National News

Here’s why Mass. driver’s licenses for undocumented immigrants will still be recognized in Florida

Undocumented Massachusetts residents can now obtain the same standard driver’s license as anyone else.

The Pass the Work and Family Mobility Act Rally was held on the steps of the Massachusetts State House on July 29, 2020. Rose Lincoln photographer

Florida Governor and presidential candidate Ron DeSantis wants to make it harder for undocumented immigrants to drive legally in his state, and he’s gone as far as restricting which out-of-state licenses Florida will recognize. But Massachusetts residents won’t be impacted for the foreseeable future thanks to the newly-effective Work and Family Mobility Act.

DeSantis, the culture war candidate who signed a six-week abortion ban in April and banned gender-affirming care for trans youth in May, has most recently turned his attention to undocumented immigrants. He announced in July that Florida will stop recognizing out-of-state driver’s licenses issued to undocumented immigrants in Connecticut, Delaware, and Hawaii. 


Notably absent from the list is Massachusetts, where undocumented immigrants can now obtain standard, non-REAL ID driver’s licenses just like anyone else in the state who is otherwise eligible and can pass the test. The Work and Family Mobility Act, which went into effect this month, lifts the “proof of lawful presence” requirement for the standard class of licenses so that undocumented drivers can get the same certificate as everyone else. 

Licenses for undocumented drivers:

Immigrants’ rights activists and supporters of the Mass. law say it empowers immigrant families with literal and economic mobility, while improving public safety by lowering the number of unlicensed drivers on the road.

The Work and Family Mobility Act is “really vital to allowing people to live their everyday lives,”  Sarang Sekhavat, political director at the Massachusetts Immigrant and Refugee Advocacy Coalition, told Everyone should be able to go grocery shopping, take their kids to school, or go to the doctor without the fear of being pulled over and detained, he said.

DeSantis invoked a different kind of public safety argument when he unveiled Florida’s new policy.

“Someone who is in our country illegally and has violated our laws should not possess a government-issued ID which allows them access to state-funded services and other privileges afforded to lawful residents,” the Florida governor said earlier this month. “Even if the federal government refuses, Florida will act decisively to protect our citizens, our state, and our country.”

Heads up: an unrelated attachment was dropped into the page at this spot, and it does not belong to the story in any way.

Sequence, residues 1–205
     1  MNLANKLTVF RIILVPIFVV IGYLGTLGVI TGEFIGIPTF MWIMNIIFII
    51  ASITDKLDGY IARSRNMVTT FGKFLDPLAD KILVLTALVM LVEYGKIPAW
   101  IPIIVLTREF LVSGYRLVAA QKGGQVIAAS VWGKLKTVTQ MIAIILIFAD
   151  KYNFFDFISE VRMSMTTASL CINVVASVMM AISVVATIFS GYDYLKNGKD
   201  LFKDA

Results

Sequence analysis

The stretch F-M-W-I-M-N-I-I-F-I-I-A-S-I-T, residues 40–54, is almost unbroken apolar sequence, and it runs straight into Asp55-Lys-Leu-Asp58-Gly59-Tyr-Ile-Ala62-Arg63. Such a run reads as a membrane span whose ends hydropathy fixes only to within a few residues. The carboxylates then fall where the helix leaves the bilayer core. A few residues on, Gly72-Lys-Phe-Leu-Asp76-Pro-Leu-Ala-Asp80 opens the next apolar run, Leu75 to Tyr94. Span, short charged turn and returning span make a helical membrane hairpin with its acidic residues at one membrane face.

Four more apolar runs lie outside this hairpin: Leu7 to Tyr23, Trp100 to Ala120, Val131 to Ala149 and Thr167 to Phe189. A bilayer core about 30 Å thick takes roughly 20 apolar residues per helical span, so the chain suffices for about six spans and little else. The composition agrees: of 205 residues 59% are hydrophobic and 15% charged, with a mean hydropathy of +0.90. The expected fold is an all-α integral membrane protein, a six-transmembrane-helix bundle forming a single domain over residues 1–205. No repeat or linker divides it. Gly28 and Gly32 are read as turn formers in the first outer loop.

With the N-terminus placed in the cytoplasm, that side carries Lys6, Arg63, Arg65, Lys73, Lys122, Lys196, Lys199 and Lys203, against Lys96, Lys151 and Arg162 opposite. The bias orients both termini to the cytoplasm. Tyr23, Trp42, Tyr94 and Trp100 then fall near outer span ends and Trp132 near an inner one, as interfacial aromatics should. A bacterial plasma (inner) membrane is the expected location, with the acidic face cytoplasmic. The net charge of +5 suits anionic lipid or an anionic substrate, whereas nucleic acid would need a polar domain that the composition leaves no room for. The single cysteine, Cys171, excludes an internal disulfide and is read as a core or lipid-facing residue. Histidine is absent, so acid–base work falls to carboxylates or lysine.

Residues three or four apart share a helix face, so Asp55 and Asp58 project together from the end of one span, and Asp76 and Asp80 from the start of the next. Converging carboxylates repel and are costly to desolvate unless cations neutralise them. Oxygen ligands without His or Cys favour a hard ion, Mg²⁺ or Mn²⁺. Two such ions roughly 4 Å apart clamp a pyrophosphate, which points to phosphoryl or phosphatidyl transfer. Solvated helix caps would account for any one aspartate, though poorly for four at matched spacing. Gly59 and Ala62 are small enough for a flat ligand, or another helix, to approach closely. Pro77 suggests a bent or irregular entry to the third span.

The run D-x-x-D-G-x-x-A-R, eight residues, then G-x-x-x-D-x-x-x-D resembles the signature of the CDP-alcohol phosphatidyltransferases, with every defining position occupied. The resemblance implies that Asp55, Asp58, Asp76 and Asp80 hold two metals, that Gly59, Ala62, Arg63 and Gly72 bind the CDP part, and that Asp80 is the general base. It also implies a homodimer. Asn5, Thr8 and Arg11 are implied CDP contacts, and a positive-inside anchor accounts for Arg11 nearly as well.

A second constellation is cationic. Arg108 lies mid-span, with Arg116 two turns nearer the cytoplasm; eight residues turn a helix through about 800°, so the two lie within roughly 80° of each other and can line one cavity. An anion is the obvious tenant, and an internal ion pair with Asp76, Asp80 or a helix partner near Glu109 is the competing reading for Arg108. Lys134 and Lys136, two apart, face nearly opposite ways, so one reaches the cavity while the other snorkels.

Before it passed, Massachusetts Republicans advocated to amend the Work and Family Mobility Act so that undocumented drivers would receive a different type of license from other drivers that could be used to tell them apart. That amendment was decisively rejected in the Senate by a vote of 31 to 8. 

In his defense of the legislation — which he co-sponsored — back in 2022, Senate Democrat Brendan Chrighton explained that issuing a visually distinctive ID to undocumented immigrants would “lead to stigma, an opportunity for anyone to see the license and to discriminate against the card holder.”

Massachusetts residents still need to present proof of their identity, social security status, and state residency to receive a standard driver’s license. Unlike a REAL ID, the standard license isn’t a recognized form of federal identification.

Former Gov. Charlie Baker refused to sign the Work and Family Mobility Act in May 2022, citing in part the provision to make undocumented driver’s licenses identical to other licenses. But the majority-Democratic House and Senate easily overrode his veto. 

Like Massachusetts, Rhode Island and Vermont’s driver privilege cards for undocumented immigrants look just like any other non-REAL ID license. Both were briefly included on Florida’s list of restricted out-of-state licenses, until officials realized that those states don’t distinguish between immigrant and non-immigrant drivers.


Sekhavat said the MIRA Coalition worries other states will introduce copycat legislation based on Florida’s new policy. The coalition, he says, would support federal legislation blocking future efforts to restrict undocumented immigrants’ right to legally drive.


This discussion has ended. Please join elsewhere on